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Back in 1931, Irving Thalberg of MGM decided he wanted to buy the film rights to Tarzan, written by Edgar Rice Burroughs. So Thalberg sent Sam Marx to negotiate with Burroughs, telling Marx not to spend more than $100,000, an extraordinarily large sum in those days.
Marx contacted Burroughs and asked how much he wanted for the film rights. "$100,000," said Burroughs.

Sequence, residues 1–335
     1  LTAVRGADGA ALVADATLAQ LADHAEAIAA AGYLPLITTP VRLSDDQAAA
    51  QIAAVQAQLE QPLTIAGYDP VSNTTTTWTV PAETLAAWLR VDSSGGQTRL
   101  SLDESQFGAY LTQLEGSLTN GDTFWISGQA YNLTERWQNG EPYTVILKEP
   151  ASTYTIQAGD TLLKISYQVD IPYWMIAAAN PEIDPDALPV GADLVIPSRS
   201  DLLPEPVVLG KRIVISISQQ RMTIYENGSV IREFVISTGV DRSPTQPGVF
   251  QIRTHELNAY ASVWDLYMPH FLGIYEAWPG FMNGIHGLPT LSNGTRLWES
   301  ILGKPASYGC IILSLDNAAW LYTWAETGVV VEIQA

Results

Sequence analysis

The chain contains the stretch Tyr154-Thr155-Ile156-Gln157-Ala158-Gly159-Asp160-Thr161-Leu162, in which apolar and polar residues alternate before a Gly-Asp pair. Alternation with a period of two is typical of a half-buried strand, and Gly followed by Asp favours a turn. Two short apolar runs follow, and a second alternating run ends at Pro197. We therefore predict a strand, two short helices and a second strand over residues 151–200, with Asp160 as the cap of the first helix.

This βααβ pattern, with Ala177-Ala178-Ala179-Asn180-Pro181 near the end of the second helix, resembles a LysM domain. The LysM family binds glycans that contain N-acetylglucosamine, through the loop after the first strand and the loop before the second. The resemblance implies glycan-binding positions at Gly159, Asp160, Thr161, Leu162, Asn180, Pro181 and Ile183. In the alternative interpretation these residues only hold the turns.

When Marx offered him $25,000, Burroughs walked out of the meeting. However, Marx and Burroughs continued to negotiate throughout the summer. Burroughs eventually settled for $40,000.
After signing the contract, Burroughs admitted that he had wanted MGM and Thalberg to make the picture so badly, they could have had it for nothing if they had insisted. "Mr. Burroughs," replied Marx, "if you had held out, you would have gotten $100,000!"
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